All I can say is God Bless the handful of folks who’ve endured my infamous Scheduling Gripe Fests.  Yes, I’m openly admitting it.  When I was younger, I referred to my schedule as The Box—a dead giveaway for how I really felt about routines.

As my teen would say, it was waaaay back in the Cave Man Era that I viewed calendars and task lists as necessary evils.  In my mind, these tools kept me on track, but at a high price.  Even though I knew they were supposed to make life easier, they actually made me feel less spontaneous, less whimsical.

In short, I felt boxed in.

And so it went…for the better part of a decade, I despised The Box so much that I lumped it in with things like brussel sprouts and exercising at 5:00 a.m.!  Hey, just because something was good for me, didn’t mean I had to like it.  Right?

Still, as a reasonably intelligent, rational human being, I knew deep down The Box had value.  After all, a little structure can serve as the foundation for a highly productive (and ultimately) successful life and career.   Over the years, I came to see The Box actually gave me the freedom to schedule in fun—something that can easily become crowded out in today’s busy and interconnected world.

It’s for all of these reasons that I’ve recently gone to great lengths to recreate a new Box—one which serves me equally as well as the old one once did, before my life became busier and more complex.   But here’s the thing.   Much to my embarrassment, this time around it actually took me quite awhile to get it figured out.   Why?   Simply put, I had a lot of conflicting things to consider, such as:

  • As a writer, what time of day am I most creative/ productive?
  • How does this jive with my other commitments?
  • With the myriad of demands on my time, how can I possibly improve my creativity and ultimately my productivity, without dropping the ball in the other areas in my life?
  • Is it possible to accomplish this without upsetting my family and friends?

As it turns out, I shouldn’t have felt embarrassed about struggling with this for so long.  After all, psychologists can spend their careers studying this sort of thing!  I should know because as a psychology major, I ended up taking a number of courses in industrial-organizational (I-O) psychology.  (This branch of the behavioral sciences focuses on things like group dynamics, corporate culture, motivation, and productivity–just to name a few.) What I gleaned from these classes is that reaching one’s peak creativity and productivity isn’t always as clear-cut as many might think.  Not by a long shot.

Brussel Sprouts

Size Matters

Don’t worry, I promise this article is Rated G!  When referring to size, what I’m really talking about is the amount of time required for getting in the most creative-productive frame of mind (CPFOM) possible.  Is this a lot of time? A little?  Something in between?

As it turns out, I came to realize reaching my own CPFOM wasn’t time-consuming at all!  Put another way, for a small investment of my time, I could “Git-R-Done”—and really, really well!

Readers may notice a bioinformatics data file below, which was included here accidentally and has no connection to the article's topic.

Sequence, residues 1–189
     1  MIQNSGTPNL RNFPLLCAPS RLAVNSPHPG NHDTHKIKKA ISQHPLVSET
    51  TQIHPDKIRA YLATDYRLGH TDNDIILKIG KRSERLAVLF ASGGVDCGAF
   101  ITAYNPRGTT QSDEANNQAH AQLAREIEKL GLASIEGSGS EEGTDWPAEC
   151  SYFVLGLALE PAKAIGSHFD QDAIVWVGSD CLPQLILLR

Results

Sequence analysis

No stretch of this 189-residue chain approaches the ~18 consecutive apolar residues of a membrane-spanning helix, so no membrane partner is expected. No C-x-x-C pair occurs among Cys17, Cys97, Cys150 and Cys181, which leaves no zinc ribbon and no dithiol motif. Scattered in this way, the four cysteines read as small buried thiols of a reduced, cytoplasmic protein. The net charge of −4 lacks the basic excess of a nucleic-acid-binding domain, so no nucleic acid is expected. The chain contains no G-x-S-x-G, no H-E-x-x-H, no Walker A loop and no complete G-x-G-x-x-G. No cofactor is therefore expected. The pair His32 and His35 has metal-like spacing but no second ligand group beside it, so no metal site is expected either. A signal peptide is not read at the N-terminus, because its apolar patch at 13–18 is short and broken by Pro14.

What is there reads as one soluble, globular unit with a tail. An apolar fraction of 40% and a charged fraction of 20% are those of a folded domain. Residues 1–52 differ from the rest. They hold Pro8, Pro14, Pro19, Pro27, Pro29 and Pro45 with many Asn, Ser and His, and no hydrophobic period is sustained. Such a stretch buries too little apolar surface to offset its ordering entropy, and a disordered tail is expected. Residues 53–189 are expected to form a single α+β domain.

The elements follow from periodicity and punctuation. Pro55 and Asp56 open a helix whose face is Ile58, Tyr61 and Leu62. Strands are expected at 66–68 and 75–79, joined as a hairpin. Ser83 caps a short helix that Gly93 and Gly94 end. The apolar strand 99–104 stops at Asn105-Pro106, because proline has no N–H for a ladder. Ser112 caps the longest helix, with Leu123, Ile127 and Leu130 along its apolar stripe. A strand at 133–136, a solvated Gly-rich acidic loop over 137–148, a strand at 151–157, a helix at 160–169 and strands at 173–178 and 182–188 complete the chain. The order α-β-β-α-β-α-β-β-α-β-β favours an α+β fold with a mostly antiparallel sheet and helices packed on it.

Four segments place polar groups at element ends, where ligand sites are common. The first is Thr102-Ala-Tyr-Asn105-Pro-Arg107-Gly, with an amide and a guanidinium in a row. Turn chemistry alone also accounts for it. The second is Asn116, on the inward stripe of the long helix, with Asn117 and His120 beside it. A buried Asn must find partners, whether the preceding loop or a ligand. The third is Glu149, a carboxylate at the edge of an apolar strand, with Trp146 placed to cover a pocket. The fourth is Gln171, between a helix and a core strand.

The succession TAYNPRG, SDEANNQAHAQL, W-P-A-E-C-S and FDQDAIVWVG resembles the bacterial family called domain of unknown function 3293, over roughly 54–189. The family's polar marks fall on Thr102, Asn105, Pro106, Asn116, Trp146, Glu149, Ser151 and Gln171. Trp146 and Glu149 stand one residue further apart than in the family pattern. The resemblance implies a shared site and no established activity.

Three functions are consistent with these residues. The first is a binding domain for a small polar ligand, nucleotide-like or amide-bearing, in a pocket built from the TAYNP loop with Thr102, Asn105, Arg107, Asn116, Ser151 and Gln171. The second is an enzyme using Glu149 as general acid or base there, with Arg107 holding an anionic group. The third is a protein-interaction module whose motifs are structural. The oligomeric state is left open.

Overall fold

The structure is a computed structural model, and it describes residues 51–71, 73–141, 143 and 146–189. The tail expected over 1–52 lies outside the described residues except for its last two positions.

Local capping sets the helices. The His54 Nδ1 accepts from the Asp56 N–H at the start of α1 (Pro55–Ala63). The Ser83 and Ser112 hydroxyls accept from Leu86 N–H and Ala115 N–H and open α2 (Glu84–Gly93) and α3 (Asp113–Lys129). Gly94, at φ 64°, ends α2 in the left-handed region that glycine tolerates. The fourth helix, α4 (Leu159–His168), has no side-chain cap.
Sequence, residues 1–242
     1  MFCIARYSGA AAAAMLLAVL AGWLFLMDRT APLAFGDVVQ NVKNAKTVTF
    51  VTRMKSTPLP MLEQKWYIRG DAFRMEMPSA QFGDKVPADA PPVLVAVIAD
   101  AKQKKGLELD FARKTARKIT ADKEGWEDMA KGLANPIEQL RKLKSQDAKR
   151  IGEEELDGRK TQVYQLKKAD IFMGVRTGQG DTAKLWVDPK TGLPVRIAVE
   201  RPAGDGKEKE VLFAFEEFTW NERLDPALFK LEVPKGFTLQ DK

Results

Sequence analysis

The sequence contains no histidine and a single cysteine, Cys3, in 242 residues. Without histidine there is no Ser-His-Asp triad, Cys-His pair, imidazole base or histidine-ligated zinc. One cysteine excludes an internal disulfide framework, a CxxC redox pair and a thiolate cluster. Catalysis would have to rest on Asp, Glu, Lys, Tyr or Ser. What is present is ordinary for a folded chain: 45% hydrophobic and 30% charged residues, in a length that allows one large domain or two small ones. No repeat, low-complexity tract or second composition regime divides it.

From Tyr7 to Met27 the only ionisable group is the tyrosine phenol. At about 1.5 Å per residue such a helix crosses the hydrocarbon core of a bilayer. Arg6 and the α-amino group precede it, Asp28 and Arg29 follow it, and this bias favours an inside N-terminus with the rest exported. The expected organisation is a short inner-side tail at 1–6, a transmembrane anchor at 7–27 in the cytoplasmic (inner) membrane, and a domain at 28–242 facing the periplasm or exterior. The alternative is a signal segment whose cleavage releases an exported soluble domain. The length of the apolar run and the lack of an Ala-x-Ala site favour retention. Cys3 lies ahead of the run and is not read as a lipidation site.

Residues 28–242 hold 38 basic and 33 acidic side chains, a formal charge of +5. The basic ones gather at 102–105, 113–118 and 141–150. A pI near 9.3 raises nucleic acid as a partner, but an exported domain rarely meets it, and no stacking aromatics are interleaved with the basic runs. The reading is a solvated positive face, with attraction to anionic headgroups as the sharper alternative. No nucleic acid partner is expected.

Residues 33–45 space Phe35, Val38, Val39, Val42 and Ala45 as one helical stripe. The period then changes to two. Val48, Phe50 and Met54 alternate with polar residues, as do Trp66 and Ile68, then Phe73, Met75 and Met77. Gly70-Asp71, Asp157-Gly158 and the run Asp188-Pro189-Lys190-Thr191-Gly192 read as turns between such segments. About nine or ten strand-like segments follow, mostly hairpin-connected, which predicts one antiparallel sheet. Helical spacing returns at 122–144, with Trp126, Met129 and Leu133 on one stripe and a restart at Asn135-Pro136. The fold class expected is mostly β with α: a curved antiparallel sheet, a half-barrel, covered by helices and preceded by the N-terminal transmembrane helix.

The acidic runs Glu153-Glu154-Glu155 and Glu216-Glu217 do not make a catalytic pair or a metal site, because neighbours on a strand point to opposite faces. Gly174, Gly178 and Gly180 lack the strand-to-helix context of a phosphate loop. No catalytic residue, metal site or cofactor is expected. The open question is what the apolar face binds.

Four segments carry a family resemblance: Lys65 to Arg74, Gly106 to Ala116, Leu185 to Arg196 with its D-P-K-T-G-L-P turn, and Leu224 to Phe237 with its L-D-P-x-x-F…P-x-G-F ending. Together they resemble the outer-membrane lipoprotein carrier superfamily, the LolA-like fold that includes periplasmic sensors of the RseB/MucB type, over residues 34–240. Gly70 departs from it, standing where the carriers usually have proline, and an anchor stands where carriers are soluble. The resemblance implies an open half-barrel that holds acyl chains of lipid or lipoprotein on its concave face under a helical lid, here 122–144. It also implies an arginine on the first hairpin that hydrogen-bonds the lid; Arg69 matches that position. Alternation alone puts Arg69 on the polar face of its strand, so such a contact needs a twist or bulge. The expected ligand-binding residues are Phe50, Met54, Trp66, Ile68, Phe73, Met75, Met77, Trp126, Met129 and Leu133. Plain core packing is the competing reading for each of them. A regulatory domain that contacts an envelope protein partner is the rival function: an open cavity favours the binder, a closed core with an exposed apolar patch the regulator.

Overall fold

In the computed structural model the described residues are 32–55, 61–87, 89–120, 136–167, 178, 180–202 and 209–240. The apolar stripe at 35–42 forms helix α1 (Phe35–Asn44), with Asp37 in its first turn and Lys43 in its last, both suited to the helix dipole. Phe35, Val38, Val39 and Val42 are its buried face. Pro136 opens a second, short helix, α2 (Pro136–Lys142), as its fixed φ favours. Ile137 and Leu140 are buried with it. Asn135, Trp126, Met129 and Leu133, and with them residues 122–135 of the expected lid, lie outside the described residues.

Here’s what I uncovered…

Life’s Rewards

I realized I first needed to understand what really motivates me.  In other words, what, (other than the sheer joy of creating science fiction/fantasy), gets me excited?  What would I like to be rewarded with for my efforts?  Okay, I’m pretty sure I know what you’re thinking.  She wants to be a best-selling author and make lots of money!

Yeah, that would be terrific.

But what I’m talking about is actually shorter-term, as in what’s feasible on a weekly basis.  Since I knew there weren’t any wrong answers, I felt free to be completely honest with myself.  Here’s what I discovered…

Just Breathe

In my case, I knew I enjoyed unstructured time away from my responsibilities—time to just relax, or go out and do something completely unrelated to my everyday life.  Unfortunately, this had been sorely lacking for a very long time.   I came to understand that working so many hours had been undermining my creativity and thus, my productivity.

The solution?  Reward myself with unstructured time at regular (weekly) intervals.

Drums

Jogging to the Beat of a Different Drummer

I also had to be honest with myself when it came to exercise—I wasn’t doing enough of it.  I’ve known for years that exercise in combination with music gets my creative juices flowing.

The solution?  Stop whining about not having enough time and re-establish exercise (while jamming out!) as a priority.

Listen to the Dormouse

Even though it’s a little before my time, I have a penchant for music from the sixties.  To be clear, I embrace the out-of-the-box ideas reflected in the counterculture’s music –not the drugs.

As such, there’s one song that’s a stand out for me, “White Rabbit” by Jefferson Airplane.  As many (or at least some) of you may remember, a portion of the lyrics describes a dormouse saying, “Feed your head.”   Now, we all know what’s really meant here.  But I like to think of this song in slightly different terms—as in actual nutrition for the brain.  You know—food.

I gotta say, I consider myself to be fairly health-conscious.  I do try to eat a reasonably healthy diet, but like most, I enjoy fresh baked bread (topped with butter) as well as the occasional dessert.  And don’t even get me started on pizza!  As far as I’m concerned, a slice of spinach pizza is a close to heaven as anything—which is why I was saddened when I came to the realization that I might’ve been suffering (for quite some time) from brain fog associated with gluten sensitivity.  Since I’d also been experiencing digestive problems and joint pain, I decided to try going gluten free for awhile to see what might happen.  I’m not gonna lie.  I was a little skeptical, but I figured I had nothing to lose so why not give it a whirl?

The results truly shocked me!

My knees, which had been bothering me for years, felt completely better.   I also started thinking more clearly, which has obvious benefits for creativity and productivity.